The future of wrestling is on display in Times Square
Wrestling is not a sport typically associated with African-Americans, but Team USA has two dynamic sisters in Victoria Anthony and Tamyra Mensah, who are creating Black Magic on the mats as strong Olympic hopefuls for 2020. They represent the changing face of amateur wrestling.
They will both be competing in Wednesday’s Beat The Streets benefit wrestling extravaganza in the middle of Duffy Square and 47th street in Times Square.
The day pops off at 3:00 pm with Beat the Streets Youth Exhibition Matches. That’s followed by the NYC Girl's Freestyle Dual Championships at 4:45 pm. The main event features Team USA (Olympic gold medalists Helen Maroulis, Kyle Snyder and Jordan Burroughs) vs. Team Japan, beginning at 6:00 pm as nightfall ascends upon New York City and the bright lights of Times Square illuminate the skies.
FloWrestling will provide live coverage of all matches at http://www.flowrestling.org.
The mission of Beat the Streets is to develop the full potential of the urban youth and to strengthen the culture of New York City wrestling.
“I want to thank everyone involved...for giving wrestling a shot in the arm and putting us on the national and international stage again,” said Brendan Buckley, Executive Director of Beat The Streets, addressing the media and athletes in attendance at Tuesday’s presser at New York Athletic Club in Manhattan.
“This serves as our primary source of support. We have over 3,000 kids and 150 different wrestling programs and as far as our mission goes of paving a better life for the youths we serve, we are hitting the ball out of the park.”
Beat The Streets is becoming a major tool in expanding diversity in wrestling at the grassroots level on up.
Mensah, the 2016 US Olympic Trials winner and 2017 World Team Trials winner, was born in Chicago and raised in Texas. Her rise to a Team USA Ranking of No. 1 in her 69kg/152 Ibs. weight class was swift as she is just in her second year of being on the national team. As an African-American woman in a predominantly and historically white sport, she understands the significance of Beat The Streets.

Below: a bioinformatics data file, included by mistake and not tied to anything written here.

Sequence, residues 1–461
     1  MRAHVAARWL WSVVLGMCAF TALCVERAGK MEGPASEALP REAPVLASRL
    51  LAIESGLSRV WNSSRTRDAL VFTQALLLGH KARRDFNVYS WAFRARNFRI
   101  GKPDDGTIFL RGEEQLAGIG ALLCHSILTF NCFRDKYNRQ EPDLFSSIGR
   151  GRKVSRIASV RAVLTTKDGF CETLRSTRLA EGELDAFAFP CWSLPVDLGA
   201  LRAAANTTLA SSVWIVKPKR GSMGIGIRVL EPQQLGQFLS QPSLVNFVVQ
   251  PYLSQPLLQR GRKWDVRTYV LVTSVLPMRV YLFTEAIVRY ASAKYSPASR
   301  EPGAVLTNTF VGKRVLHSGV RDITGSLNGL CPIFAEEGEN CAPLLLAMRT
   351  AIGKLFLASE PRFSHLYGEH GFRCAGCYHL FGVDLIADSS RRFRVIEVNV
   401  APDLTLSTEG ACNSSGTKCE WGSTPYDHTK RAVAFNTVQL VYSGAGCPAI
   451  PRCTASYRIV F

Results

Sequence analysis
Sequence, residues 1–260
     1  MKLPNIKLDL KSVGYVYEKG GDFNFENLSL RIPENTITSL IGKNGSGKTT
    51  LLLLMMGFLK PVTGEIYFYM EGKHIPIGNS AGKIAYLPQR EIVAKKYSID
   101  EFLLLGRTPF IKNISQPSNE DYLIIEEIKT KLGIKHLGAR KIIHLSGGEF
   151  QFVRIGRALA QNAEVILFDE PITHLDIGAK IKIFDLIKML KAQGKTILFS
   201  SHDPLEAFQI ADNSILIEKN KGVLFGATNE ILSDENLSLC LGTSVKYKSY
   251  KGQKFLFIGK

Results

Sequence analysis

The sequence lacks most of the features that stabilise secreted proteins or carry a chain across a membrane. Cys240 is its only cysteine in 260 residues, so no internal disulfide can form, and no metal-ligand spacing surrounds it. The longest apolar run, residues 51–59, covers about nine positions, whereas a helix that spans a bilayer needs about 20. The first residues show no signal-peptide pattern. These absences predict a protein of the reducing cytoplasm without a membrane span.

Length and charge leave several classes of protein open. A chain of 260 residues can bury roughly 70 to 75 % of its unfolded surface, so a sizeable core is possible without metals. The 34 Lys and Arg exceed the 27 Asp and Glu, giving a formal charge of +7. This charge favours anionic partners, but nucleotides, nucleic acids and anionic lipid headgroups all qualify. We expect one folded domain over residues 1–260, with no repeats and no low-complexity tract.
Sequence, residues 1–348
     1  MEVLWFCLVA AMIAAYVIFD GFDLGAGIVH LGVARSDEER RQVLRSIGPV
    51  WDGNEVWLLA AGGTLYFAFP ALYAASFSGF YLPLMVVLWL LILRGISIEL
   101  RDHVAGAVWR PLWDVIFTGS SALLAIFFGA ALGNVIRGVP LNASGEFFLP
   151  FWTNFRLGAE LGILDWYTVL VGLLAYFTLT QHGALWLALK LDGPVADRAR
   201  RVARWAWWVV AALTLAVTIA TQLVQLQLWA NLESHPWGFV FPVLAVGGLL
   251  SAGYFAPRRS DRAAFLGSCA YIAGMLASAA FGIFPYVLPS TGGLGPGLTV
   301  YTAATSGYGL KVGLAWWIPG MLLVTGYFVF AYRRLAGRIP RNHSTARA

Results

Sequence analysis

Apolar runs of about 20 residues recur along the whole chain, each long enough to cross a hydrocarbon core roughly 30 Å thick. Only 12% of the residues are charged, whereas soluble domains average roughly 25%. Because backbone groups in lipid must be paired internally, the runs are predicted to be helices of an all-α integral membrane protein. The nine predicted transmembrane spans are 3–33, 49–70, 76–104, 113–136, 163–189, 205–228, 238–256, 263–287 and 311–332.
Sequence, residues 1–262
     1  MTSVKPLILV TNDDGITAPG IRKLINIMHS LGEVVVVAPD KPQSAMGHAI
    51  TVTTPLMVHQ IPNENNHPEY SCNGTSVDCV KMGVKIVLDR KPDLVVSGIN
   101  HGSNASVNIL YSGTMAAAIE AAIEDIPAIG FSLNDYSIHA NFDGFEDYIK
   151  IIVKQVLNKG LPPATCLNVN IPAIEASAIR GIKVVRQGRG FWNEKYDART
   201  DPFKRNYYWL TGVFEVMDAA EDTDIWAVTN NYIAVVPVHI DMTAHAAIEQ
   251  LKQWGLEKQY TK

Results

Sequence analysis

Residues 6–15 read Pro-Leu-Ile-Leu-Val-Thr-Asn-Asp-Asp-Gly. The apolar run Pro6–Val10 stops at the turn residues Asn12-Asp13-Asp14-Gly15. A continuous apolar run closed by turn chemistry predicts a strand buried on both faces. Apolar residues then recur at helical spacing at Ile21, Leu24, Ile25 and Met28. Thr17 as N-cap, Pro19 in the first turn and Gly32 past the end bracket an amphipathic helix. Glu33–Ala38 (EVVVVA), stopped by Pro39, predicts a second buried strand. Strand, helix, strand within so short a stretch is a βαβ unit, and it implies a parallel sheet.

“It’s definitely important. Every time I see an African-Americans on the mat, they start off using nothing but brute strength and athleticism like I did during matches... they tend to wane in their stamina as the match progresses,” said Mensah, breaking down the obstacles African-Americans face in accessing the correct wrestling training.
“So I'm hoping that programs like Beat The Streets can enhance their technical understanding of wrestling and let them know the importance of other aspects like stamina ... Also so they know that there’s more opportunity and sports out there for African-Americans besides the most obvious ones.”
Mensah started her athletic career in Track & Field, but after trying wrestling on the urging of her twin sister, who first discovered the sport, Mensah realized that she was “a supernatural” at it. She defeated a state champion in her first major match.
“It's unnatural to see an African-American on the mat,“ Mensah told the Shadow League. “But it’s so perfect and fun for us. We have agility. We have speed. Compared to basketball, it's very natural. I suck at all other sports except this. Wrestling was my most natural fit."
Mensah jokingly adds, “My dad was from Africa. He came here at age 30 so maybe I have some tribal warrior in me. But I had no idea how far I could take it. I thought my athleticism went as far as Track -- the “normal” things that African-Americans do."
At first, she hated the five mile-a-day practices, the touching, the pushing, the bullying.
“I came from a non-contact sport,” Mensah reflected. “The most touching we did was passing the baton.”
Victoria Anthony, ranked No. 1 in her weight class (48 kg, 105.5 lbs), found wrestling after suffering a Judo injury.
“I started with Judo when I was a little girl and I still utilize it in my wrestling. Judo and wrestling are similar and I started to make the transition when I got injured,” said Anthony, who became the first athlete to win four WCWA Women’s College national titles at Simon Fraser University in 2014.
From there I started making national teams and I actually lost in the 2016 US Olympic Trials finals but that really pushed me to become the best wrestler I can be.”
Anthony’s first experience with Beat The Streets was in her hometown of California.
“I did a clinic with BTS there and then in Washington and that’s how I got introduced to the program,” she told The Shadow League. “Raising $1.5 million just from this event alone is just great and will go a long way.”
Anthony was always pushed by her parents growing up, so she realizes the importance of that support system.
“Beat The Streets provides all kids with that community support that I had growing up,” Anthony told TSL. “The sport of wrestling has given me everything in life. You can go wherever you want with it. I’ve been to 45 countries that I wouldn’t have gone to if I never was introduced to the sport of wrestling. The fact that these kids are getting those opportunities is life changing."
Mensah and Victoria are building a special relationship and changing the wrestling game as they conquer racial and gender barriers together.
“Our relationship is growing, “ Mensah said. I just started traveling recently and this will be our second time being roommates. The first time ws in Russia when I won the Ivan Yarygin Grand Prix in January. We are learning so much about each other. She calls me the “Bird Lady” because I was trying to feed the pigeons at our window sill. Traveling is an experience I’ve never got to do."
“I’m just having fun watching her,” Anthony added.
New York City should enjoy watching the entire Team USA tonight. However, on the mat, in the news and underneath the surface, Mensah and Anthony will be inspiring others and representing the new faces of wrestling.